Comics As Art?: Part 1: Judging a Book By Its (Hard) Cover

Marvel has recently started publishing affordable hardcover collections of current successful comics runs, including Grant Morrison’s New X-Men, Bendis and Maleev’s Daredevil, Waid and Weiringo’s Fantastic Four and Millar and Hitch’s Ultimates. These editions offer a slightly oversized, nicely printed, thick chunk of comics that usually cover material alternatively available in two paperbacks, at a price less than said two paperbacks. Needless to say, the offer is extremely tempting and one wonders who would still buy the paperbacks (one also wonders why similar hardcovers of classic material such as DC’s Archives and Marvel’s Masterworks still cost twice as much as these newer editions, but that’s another story). Still, one has to admit that even if it cost slightly more to get a good work in hardcover, it would still be worth it. After all it looks better, and appearance is everything in a comic book.

I remember an article in the much-missed Borderline that made the following point: comics don’t offer good value for the money, because the amount of story you get in a $15 graphic novel is only a fraction of what you would get for the same sum in a book of prose. To me, that missed the point entirely: comics are a visual medium, and visual media are by default more expensive to own. Think of how much it costs to buy even a low grade reproduction of a famous painting, or a good book that contains several of them. Not only is the color and print quality fundamental, but you would automatically opt for a more lavish packaging if the works included are of any interest to you. Reducing comics to the value of story alone removes their essential differentiating trait.

It is interesting to consider the differences in general perception of comics in Europe and the United States, and ponder whether it is due in part to the quality of their packaging. The French for instance grow up reading comics and proudly display them on their bookshelves well into their adulthood. This includes the general public, not just the stereotypical “comic geek”. These comics nearly always respect the same format: oversized (by American standards) hardcovers of 48 to 64 pages, neatly packaged with excellent colors and stock, carrying price tags starting around ten Euros. In terms of story for your money, that is definitely not a good deal (although it should be said that European comics tend to favor tighter, more densely packed panel grids which means they can fit more story on any page). But they look gorgeous. You would have a hard time convincing their target audience to shell out money for 22-page stories in floppy format, on lower quality paper and at about half the size! And when this audience discusses their comics, they do so with the same respect they do films or prose novels. There is also respect in the name they use for their books, “albums”, which is definitely prettier than the rather demeaning “trade paperback”.

But carton covers alone do not a good book make, and content quality is ultimately the deciding factor on the artistic merit of comics. Yet, marketing is usually more about perception than actual product value, and the throwaway format of individual comics and most collections is enough to turn off many an art lover who otherwise might consider giving it a try. Marvel’s new hardcovers are a step in the right direction, for sure, although once the non-comics reader has been lured by the packaging, he/she might still have a hard time getting into the superhero stuff inside. In that case, perhaps what you need is one of the two recent brilliant deals from Fantagraphics, Palomar and Locas, collecting the Love and Rockets works of Gilbert and Jaime Hernandez respectively in a neat package that should convert many a non-believer. Perhaps one of the beautiful hardcover collections of Chris Ware’s Jimmy Corrigan or Quimby the Mouse would do the trick. While I am at it, may I suggest you invest in the hardcover versions David Lapham’s Stray Bullets which are excellent value for the money? There are more and more comics being produced in valorizing packages at reasonable prices, “reasonable” being a relative term of course depending on their content. If more of these are produced, might we witness the day when the hardcover is the preferable format for comics collections, closing a gap between American and European comics, and possibly finally earning the former a bit more respect?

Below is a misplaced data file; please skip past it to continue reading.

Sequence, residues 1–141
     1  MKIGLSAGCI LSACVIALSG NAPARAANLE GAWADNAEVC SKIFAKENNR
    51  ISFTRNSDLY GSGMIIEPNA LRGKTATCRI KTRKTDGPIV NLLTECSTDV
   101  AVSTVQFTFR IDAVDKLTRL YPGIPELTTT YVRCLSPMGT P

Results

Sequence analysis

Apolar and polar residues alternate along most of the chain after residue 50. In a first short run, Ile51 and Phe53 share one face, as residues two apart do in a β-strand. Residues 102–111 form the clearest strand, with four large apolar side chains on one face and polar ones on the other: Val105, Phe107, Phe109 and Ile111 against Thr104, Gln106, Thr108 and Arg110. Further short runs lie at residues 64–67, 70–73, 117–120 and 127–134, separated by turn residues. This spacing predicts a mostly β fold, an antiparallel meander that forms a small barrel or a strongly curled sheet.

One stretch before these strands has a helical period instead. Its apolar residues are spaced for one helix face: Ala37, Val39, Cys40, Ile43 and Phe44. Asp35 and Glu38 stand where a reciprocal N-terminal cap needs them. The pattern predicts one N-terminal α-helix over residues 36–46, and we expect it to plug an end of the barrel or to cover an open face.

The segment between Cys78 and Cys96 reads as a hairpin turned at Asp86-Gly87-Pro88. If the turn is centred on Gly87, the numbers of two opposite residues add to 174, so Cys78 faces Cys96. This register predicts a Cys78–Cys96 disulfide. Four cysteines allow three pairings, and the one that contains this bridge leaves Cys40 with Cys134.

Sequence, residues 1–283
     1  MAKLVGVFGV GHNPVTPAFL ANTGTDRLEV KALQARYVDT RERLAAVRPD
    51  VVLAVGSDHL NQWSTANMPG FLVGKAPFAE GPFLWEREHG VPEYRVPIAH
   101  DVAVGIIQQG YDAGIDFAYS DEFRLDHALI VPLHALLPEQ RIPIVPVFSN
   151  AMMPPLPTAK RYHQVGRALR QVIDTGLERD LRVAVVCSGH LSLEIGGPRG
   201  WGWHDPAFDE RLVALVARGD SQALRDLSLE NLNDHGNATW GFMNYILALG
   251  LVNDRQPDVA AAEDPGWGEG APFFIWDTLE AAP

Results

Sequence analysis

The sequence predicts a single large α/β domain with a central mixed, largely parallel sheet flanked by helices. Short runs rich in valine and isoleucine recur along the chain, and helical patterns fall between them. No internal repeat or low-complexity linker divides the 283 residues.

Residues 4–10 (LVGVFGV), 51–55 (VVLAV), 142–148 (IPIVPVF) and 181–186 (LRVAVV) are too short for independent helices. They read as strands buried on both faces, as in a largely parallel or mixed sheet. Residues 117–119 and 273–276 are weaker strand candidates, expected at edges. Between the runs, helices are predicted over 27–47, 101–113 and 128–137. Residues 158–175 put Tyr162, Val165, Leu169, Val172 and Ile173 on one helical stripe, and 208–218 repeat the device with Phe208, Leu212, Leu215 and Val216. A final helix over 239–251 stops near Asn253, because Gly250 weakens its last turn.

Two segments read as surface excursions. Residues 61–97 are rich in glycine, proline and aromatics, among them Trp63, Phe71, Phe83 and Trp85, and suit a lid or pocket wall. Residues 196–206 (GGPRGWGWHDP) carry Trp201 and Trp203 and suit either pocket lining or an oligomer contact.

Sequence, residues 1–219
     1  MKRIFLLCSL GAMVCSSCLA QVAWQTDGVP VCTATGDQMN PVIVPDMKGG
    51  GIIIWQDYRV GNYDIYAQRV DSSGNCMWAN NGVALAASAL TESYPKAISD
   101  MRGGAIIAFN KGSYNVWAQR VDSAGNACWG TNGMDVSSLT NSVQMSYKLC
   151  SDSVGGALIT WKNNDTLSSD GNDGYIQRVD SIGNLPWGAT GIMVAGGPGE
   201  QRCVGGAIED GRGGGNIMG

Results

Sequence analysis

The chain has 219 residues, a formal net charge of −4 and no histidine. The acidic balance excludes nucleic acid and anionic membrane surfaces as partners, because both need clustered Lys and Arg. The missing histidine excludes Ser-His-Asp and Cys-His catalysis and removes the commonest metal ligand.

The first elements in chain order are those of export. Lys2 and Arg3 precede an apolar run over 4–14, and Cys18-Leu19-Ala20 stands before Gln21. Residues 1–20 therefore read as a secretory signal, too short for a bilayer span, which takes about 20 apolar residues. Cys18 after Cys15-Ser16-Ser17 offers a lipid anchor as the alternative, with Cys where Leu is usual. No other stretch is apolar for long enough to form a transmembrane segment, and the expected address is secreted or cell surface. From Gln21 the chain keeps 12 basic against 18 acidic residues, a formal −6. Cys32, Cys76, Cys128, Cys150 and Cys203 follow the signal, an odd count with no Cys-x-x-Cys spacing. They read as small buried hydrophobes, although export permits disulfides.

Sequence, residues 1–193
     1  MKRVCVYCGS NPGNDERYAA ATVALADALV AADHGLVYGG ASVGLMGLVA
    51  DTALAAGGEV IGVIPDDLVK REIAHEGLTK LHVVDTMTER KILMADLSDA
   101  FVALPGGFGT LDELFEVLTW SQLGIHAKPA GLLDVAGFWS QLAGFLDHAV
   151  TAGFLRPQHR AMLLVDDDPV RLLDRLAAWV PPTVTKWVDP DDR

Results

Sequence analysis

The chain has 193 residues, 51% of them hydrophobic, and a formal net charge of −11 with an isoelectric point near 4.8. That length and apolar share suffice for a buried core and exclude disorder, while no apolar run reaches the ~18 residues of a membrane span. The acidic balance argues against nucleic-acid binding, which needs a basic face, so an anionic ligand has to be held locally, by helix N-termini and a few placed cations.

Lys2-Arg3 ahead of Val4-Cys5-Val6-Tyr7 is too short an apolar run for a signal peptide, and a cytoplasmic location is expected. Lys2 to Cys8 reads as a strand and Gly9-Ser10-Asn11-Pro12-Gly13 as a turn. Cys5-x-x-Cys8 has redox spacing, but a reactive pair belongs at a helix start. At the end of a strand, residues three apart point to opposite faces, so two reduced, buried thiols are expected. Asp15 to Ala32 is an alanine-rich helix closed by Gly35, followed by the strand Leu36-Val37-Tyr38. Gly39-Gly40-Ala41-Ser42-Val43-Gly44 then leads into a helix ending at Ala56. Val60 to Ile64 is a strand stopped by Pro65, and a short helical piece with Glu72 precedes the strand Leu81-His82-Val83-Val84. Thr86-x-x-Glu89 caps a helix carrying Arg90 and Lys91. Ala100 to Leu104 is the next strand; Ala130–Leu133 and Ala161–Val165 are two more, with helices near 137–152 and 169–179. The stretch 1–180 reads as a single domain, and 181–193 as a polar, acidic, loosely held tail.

Does that mean one should disdain cheaper collections of comics? Absolutely not. Even bargain editions like Marvel’s Essentials and almost all manga collections have their own merits. In fact, Marvel’s Essentials are a fantastic way to catch up on legendary old runs or revisit nostalgic series without looking in back-issue bins or shelling out for slowly published more handsome editions. Yet these collections are strictly aimed at a certain category of fanboy, and would definitely not contribute to improving the general public’s appreciation of graphic storytelling. They are different marketing strategies with different agendas and should continue to coexist.

The new initiatives in hardcover publishing should be encouraged, especially if they collect high quality material. I doubt if a collection of Liefeld’s embarrassingly bad X-Force is warranted. If Marvel has found an economic model that allows it to produce this format, other publishers should pick it up. Already, however, worrying signs are appearing, with a recent announcement that the remaining uncollected part of Alias would not be released in the same format. It would be a pity if this new publishing policy, with all it promises for the medium, were to be abandoned so early.